"The Revelation of Jesus Christ, Made Known to John" (Continued)

An Epilogue

A goodly number of scholars have suggested that Revelation is a composite work patched together out of apocalyptic fragments from different hands, different traditions, and different times. Frankly, I find the proposal completely incredible; Revelation strikes me, rather, as being the most finely crafted book of the Bible. The author comes across as a consummate artisan and artist. (I intend that attribution as applying to the Holy Spirit just as much as to John; my conviction is that the Spirit normally appropriates and uses the gifts of his instrument rather than simply overriding them.)

The John-Spirit artistry is seen particularly in the ability to hold a great diversity of thought and imagery into true coherence. It shows up in three different ways.

  1. John introduces a symbol in one scene, develops some aspects of it, then drops it and goes on to something else. Yet, in a later scene, he will circle back to pick up the symbol again--bringing recollection of the meaning with which he had endowed it earlier--but in a way that, rather than being simply repetitious, adds new and growing insight. The changing use of the symbol makes it a vehicle of newness and diversity; the constancy of the symbol itself makes for a profound unity. As just one example, recall what John accomplishes with the Lamb symbol in the course of the book as a whole.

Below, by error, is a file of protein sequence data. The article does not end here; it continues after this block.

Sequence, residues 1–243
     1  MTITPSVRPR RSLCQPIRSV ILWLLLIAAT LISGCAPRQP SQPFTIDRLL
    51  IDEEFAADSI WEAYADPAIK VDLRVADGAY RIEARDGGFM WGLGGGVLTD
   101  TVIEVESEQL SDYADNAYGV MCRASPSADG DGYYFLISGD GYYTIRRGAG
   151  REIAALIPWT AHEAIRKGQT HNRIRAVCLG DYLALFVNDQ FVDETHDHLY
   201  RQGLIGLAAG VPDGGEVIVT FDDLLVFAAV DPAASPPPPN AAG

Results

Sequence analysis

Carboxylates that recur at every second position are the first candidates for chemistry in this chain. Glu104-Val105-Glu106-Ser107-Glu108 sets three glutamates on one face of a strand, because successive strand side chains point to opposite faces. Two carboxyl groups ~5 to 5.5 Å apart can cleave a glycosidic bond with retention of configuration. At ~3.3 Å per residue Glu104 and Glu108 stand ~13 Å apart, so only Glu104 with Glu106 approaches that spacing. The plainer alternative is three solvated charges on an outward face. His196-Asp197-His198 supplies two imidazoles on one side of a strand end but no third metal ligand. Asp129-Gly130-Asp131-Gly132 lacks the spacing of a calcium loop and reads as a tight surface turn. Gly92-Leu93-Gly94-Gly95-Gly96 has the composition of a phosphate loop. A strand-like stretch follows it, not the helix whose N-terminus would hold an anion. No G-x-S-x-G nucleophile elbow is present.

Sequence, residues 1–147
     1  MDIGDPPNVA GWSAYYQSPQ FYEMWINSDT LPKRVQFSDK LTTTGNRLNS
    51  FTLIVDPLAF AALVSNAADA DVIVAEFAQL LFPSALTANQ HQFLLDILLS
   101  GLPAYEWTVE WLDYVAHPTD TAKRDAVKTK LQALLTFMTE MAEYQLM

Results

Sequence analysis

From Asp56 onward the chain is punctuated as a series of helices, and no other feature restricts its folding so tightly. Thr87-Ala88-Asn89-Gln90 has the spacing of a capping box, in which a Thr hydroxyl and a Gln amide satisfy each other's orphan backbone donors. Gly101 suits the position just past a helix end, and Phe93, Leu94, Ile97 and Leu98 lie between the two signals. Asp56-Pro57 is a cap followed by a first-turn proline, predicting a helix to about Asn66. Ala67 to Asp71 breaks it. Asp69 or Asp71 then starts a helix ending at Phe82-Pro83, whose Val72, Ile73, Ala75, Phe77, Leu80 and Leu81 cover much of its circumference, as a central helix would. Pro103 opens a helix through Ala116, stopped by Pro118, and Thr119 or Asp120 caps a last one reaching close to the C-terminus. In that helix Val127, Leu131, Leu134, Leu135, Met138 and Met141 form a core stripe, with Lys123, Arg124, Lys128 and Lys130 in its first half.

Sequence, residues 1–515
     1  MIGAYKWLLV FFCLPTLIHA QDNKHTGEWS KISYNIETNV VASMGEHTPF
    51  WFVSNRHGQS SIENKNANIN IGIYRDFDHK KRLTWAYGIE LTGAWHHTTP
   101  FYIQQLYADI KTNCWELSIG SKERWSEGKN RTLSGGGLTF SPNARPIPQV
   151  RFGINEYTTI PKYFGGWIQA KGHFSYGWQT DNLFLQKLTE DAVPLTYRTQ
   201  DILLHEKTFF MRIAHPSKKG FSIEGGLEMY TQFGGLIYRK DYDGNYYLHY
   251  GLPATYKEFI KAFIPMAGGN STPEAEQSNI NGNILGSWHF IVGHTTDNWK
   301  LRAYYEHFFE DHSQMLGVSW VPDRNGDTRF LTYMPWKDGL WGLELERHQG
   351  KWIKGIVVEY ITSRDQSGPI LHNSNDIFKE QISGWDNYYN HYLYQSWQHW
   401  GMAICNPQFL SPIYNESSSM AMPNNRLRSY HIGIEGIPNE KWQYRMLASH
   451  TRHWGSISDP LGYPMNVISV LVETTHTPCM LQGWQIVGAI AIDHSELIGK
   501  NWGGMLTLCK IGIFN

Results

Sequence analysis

2. In other cases, John introduces and reintroduces the same idea but states it through differing images and symbols. Again, there is a basic unity of thought; but the diversity of form keeps things from becoming redundant and boring. As an example in this case, recall how many were the different ways John found to affirm the universality of God's love and outreach toward man.
  3. Finally, in and through the flux of image and idea, it is thrilling to discover the pattern and symmetry of the structure underlying the whole. The outline and time line chart will recall what we have in mind; Revelation, obviously, is a book that was "built" (as a cathedral is built) rather than simply being "spun out." John was able to display great freedom and variety in detail even while forming the whole as a controlled and unified vision.

John can keep any number of themes going at once, giving the prominence first to one and then another, each being appropriately developed as it progresses, and each being kept in perfect phase with the others so as to bring them all out at the same place. And then, looking back, one realizes that all the individual-theme patterns were being woven together to form one, overall pattern which included each but was greater than the sum of them all. I know of only one other artist who could match it--another man named "John."

Johann Sebastian Bach inscribed his musical polyphony Soli Deo Gloria. John the Revelator's work obviously bears the inscription on every page-whether or not the words "to God alone be the glory" appear. My desire is that this book be dedicated the same way:

Copyright (c) 1974